Wednesday, July 5, 2017

July 5, 1911 -- Heat Wave Brings Widespread Misery

July 5, 1911 – An unabated heat wave in the opening days of July reaches a high of 101.5 degrees at 2:00 p.m. on July 5 with devastating results.  In the first five days of the month 125 infants have died from heat-related causes.  The fear is that a far greater number is to come.  Dr. C. St. Clair Drake of the Bureau of Vital Statistics says, “The soured milk fed the children in these hot days has started intestinal disorders which are rapidly growing worse.”  On this day 44 men and women die with one man, “crazed by the high temperature” [Chicago Daily Tribune, July 6, 1911] hanging himself.  Ice companies are having tremendous difficulty in transporting ice to the outlying sections of the city since so much of the shipment melts before it reaches its destination.  Shrinkage is usually about ten per cent; ice companies are losing close to 80 per cent of their shipments in trying to get it delivered. As a result, fresh milk, fruit and other food items are in short supply in some parts of the city. Companies are also having difficulty in keeping their horses up and working.  Forty horses have died on city streets and over 200 have been affected so much that they cannot work.  The Humane Society has received 300 emergency calls since July 3.  On this one day alone over 300 horses are felled near the Loop with just one fountain for teamsters to water their horses in the area, that in front of the Y.W.C.A. on South Michigan Avenue.  Cooling temperatures and a slight chance of rain is predicted for July 6.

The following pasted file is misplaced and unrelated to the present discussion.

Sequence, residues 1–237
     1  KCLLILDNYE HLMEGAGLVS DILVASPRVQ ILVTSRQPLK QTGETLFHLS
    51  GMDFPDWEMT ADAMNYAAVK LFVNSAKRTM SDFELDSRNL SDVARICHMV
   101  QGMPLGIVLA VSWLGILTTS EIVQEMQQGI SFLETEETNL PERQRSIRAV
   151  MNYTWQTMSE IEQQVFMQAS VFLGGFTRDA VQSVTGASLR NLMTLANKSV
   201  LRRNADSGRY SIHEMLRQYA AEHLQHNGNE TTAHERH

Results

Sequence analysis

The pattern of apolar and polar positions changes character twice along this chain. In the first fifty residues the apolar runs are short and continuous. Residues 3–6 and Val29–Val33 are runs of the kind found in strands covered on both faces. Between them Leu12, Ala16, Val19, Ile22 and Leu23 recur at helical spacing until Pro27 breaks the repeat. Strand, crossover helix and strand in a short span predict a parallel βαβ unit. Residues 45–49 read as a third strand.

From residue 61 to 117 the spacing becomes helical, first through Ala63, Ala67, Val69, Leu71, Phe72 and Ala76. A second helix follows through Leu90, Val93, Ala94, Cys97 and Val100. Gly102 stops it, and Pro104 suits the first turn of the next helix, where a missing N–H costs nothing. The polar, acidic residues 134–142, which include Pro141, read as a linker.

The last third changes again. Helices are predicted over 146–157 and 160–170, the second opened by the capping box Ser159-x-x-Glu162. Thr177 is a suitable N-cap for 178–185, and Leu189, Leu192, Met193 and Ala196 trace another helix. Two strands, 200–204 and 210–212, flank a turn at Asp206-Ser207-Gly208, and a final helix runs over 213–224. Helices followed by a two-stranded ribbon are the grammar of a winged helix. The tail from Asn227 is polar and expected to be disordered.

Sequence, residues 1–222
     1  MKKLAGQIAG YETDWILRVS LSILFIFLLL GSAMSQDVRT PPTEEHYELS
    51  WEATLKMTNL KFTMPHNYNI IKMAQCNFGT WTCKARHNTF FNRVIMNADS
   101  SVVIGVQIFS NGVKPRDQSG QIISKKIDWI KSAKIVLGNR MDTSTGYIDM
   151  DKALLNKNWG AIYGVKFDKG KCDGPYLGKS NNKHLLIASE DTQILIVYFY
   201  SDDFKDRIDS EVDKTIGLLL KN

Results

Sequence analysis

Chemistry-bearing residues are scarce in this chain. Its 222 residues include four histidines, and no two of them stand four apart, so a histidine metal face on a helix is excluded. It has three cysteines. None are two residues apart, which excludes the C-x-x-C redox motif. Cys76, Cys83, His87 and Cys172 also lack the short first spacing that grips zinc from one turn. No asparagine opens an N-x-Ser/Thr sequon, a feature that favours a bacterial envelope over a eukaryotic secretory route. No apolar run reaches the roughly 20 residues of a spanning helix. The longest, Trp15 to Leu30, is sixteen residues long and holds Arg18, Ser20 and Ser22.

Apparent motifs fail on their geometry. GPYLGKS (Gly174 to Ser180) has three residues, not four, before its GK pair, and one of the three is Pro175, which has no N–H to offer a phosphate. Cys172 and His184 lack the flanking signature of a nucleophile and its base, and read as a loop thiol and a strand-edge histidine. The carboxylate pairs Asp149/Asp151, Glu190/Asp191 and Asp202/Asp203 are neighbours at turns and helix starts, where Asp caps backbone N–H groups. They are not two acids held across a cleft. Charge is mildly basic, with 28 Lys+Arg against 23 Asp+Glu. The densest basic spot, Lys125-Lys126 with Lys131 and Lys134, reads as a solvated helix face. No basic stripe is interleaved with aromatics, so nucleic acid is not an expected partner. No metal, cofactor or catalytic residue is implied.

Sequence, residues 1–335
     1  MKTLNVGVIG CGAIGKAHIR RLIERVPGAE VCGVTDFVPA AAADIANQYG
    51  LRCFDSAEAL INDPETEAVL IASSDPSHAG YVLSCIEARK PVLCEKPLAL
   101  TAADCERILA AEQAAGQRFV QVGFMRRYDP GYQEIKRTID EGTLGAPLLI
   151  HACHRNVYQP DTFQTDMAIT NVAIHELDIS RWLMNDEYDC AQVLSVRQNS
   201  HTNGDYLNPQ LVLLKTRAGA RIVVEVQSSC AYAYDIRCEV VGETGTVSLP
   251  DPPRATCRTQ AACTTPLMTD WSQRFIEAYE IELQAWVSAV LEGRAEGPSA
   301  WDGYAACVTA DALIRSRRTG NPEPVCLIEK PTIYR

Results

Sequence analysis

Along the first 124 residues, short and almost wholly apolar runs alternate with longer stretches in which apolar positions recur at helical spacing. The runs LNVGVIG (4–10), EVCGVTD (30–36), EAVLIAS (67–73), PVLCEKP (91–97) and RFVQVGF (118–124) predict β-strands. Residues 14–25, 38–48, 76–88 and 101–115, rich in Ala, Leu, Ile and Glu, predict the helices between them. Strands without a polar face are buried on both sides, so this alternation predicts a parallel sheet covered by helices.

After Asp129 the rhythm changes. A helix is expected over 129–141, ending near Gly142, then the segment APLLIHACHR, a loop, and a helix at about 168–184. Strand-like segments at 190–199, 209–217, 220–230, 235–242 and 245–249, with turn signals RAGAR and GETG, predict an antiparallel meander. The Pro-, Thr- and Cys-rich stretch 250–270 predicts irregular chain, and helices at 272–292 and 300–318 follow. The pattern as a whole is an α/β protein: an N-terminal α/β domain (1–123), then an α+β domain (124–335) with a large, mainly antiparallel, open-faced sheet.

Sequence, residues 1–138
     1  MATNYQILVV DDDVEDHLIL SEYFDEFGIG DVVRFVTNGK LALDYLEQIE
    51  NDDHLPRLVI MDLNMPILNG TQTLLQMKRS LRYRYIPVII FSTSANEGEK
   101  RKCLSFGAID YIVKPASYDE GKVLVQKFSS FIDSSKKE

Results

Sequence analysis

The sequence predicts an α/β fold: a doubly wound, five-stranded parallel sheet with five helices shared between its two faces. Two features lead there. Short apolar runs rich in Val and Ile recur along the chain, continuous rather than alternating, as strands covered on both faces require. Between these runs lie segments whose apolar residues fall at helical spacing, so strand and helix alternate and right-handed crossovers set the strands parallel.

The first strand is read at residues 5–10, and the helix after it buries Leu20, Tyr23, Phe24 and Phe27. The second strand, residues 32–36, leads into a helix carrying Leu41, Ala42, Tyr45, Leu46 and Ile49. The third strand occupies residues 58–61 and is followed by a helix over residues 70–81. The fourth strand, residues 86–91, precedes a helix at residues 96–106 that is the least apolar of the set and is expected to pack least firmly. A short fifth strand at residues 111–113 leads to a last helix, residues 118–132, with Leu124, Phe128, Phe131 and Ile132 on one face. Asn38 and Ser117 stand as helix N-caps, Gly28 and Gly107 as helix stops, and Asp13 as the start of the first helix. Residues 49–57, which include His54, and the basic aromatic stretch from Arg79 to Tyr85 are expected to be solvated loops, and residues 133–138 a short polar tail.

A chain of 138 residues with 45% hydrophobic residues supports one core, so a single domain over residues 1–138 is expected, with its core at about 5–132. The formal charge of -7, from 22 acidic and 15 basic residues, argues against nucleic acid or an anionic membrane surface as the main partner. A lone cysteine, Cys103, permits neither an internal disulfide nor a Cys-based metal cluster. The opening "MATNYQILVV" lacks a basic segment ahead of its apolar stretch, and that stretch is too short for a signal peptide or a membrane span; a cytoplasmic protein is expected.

July 5, 1915 – The South Park Commission places plans for the improvement of Grant Park on exhibit in Blackwell Hall at the Art Institute of Chicago.  The exhibit includes a model of the peristyle, designed by Edward H. Bennett, that will stand in the northwest corner of the park at the corner of Randolph Street and Michigan Avenue.  Other plans include a pair of pylons sixty feet tall to mark the entrance to the park and a line of trees from Randolph Street to Twelfth Street with a gravel walk 30 feet wide beside them.  J. F. Foster, superintendent of the South Park Commissioners, says that when the work is completed Grant Park “will be a beauty spot unsurpassed by any of the formal gardens in the United States and equaled only by the public gardens of Italy.”  [Chicago Tribune, July 4, 1915] One of the great pylons, part of the 1915 plan, that today greets visitors to the park is pictured above.  Note the "Y" symbol in its center panel.

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